Asus Taichi

The Taichi is an experiment. While some may find a use for its dual screens, and it's built well enough, the lack of a touchscreen on the interior and troubling battery life could put even those people off.


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Craig was sucked into the endless vortex of tech at an early age, only to be spat back out babbling things like "phase-locked-loop crystal oscillators!". Mostly this receives a pat on the head from the listener, followed closely by a question about what laptop they should buy.


We were a little hesitant when Asus announced the Taichi, a laptop with a screen on the front and the back of the lid. It was launched at the same time as an all-in-one where the screen could be detached as a giant tablet, so the experimental feeling of the event was running thick and heavy.

Connectivity

  • Touchscreen: yes
  • USB 3.0: 2
  • Video: micro HDMI, mini-DisplayPort (VGA via adapter)
  • Ethernet: 100Mbps via USB 2.0 adapter
  • Wireless: dual-band 802.11n, Bluetooth 4.0

We're still not sure now that it's in our hands. It could be feasibly useful for business types, who no longer have to rely on projectors — they can simply mirror what's on the first screen on the second.

Or, alternatively, it can act as an extended monitor, meaning that you can show unique content on each. Asus pitched this as "the kids can watch a movie while you do work", but we're hard pressed to come up with real uses for the functionality. Outside of having an impressive demonstration machine displaying an animation of, say, your company logo, it just seems impractical.

While by default the back screen becomes active when you close the lid, you can make the Taichi act like a normal laptop and sleep by flicking a hardware switch on the left-hand side. We did discover a bug with this: close the laptop lid, then re-open it, and the touch on the rear panel becomes enabled even though the screen is not, leading to some entertaining moments.

Practicalities aside, there's another issue with the Taichi: the interior screen isn't touch enabled, while the exterior is. This creates quite the cognitive dissonance — Windows 8 is a touch operating system, and we found ourselves uselessly pawing at the screen more than once. Eventually we trained ourselves that the interior wasn't a touchscreen, but it didn't make using the operating system any more bearable.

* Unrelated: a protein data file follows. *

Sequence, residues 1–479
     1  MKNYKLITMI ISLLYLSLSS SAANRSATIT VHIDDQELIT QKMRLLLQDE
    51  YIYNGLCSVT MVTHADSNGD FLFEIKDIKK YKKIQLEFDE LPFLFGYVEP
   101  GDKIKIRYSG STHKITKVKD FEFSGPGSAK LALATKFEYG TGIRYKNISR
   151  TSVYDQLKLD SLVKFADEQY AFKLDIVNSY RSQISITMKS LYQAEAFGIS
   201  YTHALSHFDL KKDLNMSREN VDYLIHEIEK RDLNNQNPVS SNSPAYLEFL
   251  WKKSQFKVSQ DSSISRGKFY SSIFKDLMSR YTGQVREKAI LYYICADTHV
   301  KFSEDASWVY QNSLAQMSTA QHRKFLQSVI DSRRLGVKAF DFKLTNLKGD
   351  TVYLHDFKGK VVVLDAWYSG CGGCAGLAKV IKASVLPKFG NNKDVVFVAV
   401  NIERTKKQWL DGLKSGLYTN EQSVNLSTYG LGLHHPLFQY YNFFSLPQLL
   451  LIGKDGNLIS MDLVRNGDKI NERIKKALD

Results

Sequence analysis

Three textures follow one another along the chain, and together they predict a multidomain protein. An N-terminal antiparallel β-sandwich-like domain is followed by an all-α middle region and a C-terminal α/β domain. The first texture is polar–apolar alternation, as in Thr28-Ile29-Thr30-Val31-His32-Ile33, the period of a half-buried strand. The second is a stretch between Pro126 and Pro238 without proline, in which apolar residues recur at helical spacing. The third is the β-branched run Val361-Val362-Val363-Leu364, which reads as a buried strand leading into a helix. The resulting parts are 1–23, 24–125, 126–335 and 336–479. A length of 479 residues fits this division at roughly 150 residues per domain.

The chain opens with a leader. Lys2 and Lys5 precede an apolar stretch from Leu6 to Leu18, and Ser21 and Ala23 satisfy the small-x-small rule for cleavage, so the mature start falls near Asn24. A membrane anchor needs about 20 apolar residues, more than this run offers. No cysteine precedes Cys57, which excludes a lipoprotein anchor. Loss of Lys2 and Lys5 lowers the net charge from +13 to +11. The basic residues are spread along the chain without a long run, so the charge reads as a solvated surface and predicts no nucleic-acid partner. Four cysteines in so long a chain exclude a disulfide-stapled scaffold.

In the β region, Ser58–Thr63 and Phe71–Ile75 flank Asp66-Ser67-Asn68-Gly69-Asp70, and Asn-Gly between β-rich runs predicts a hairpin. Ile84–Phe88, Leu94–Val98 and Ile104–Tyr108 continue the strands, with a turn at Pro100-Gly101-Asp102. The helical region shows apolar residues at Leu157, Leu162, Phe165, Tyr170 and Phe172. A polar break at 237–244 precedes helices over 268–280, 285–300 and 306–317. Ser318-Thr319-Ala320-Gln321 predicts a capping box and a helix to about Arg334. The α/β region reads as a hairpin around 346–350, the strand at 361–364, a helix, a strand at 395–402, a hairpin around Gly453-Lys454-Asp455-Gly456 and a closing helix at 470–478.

The 11.6-inch screens are fine, at 1080p and IPS each. The interior screen is a semi-gloss, while the exterior gets the full deal to make it better for touch, and to give a darker black when it's off. Despite the extra hardware, Asus has kept weight and height down, at 1.25kg and 17.4mm, respectively.

Asus has grafted an icon to the side of the charms bar, bringing up a Windows 8-themed control panel for the laptop. It's mostly useless, repurposing existing Windows functions, but you do get quick access to the ambient light-sensor settings, rotation lock, whether the screen locks or not when you close the lid and all of the aforementioned screen modes. The UI can also be accessed from a key on the keyboard, which cycles through the different monitor modes, with the user having to press Enter afterwards to commit.

The backlit keyboard and touch pad are nice to use, something that Asus has no doubt kept a watchful eye on since the initial ZenBook disaster.

Ports are fairly standard for the laptop size, offering two USB 3.0 ports, micro HDMI and a mini DisplayPort, along with a headset jack. Included in the package is a USB 2.0 to 100Mbps Ethernet adapter, a micro HDMI to VGA adapter and a carry pouch. Dual-band Wi-Fi and Bluetooth 4.0 make up the wireless side of the offering.

Our AU$1599 review SKU included a Core i5 3317U, 4GB of RAM and a 128GB SSD. Shell out AU$1899, and you'll get a 256GB SSD and Core i7 3517U. Considering the hardware here, Asus has done exceedingly well with the pricing, something that Acer could learn a thing or two from.